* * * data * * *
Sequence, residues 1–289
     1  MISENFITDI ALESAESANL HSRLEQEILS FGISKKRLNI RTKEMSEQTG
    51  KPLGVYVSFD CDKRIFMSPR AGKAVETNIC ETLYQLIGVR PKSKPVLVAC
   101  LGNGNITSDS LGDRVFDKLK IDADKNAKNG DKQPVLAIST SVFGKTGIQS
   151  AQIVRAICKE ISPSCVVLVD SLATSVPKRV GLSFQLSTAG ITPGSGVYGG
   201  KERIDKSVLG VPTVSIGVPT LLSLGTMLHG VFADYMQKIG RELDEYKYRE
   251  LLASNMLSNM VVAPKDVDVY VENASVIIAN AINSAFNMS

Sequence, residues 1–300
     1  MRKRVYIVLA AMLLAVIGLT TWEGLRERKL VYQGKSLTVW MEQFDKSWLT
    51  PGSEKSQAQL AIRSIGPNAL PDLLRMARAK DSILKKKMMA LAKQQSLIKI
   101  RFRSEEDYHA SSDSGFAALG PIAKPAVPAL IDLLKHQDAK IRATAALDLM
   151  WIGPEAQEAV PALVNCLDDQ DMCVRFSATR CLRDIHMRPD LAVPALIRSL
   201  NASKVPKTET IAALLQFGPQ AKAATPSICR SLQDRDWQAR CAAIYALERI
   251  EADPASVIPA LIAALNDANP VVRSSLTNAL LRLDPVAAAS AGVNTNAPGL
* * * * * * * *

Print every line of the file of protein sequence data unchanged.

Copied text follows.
Sequence, residues 1–289
     1  MISENFITDI ALESAESANL HSRLEQEILS FGISKKRLNI RTKEMSEQTG
    51  KPLGVYVSFD CDKRIFMSPR AGKAVETNIC ETLYQLIGVR PKSKPVLVAC
   101  LGNGNITSDS LGDRVFDKLK IDADKNAKNG DKQPVLAIST SVFGKTGIQS
   151  AQIVRAICKE ISPSCVVLVD SLATSVPKRV GLSFQLSTAG ITPGSGVYGG
   201  KERIDKSVLG VPTVSIGVPT LLSLGTMLHG VFADYMQKIG RELDEYKYRE
   251  LLASNMLSNM VVAPKDVDVY VENASVIIAN AINSAFNMS

Sequence, residues 1–300
     1  MRKRVYIVLA AMLLAVIGLT TWEGLRERKL VYQGKSLTVW MEQFDKSWLT
    51  PGSEKSQAQL AIRSIGPNAL PDLLRMARAK DSILKKKMMA LAKQQSLIKI
   101  RFRSEEDYHA SSDSGFAALG PIAKPAVPAL IDLLKHQDAK IRATAALDLM
   151  WIGPEAQEAV PALVNCLDDQ DMCVRFSATR CLRDIHMRPD LAVPALIRSL
   201  NASKVPKTET IAALLQFGPQ AKAATPSICR SLQDRDWQAR CAAIYALERI
   251  EADPASVIPA LIAALNDANP VVRSSLTNAL LRLDPVAAAS AGVNTNAPGL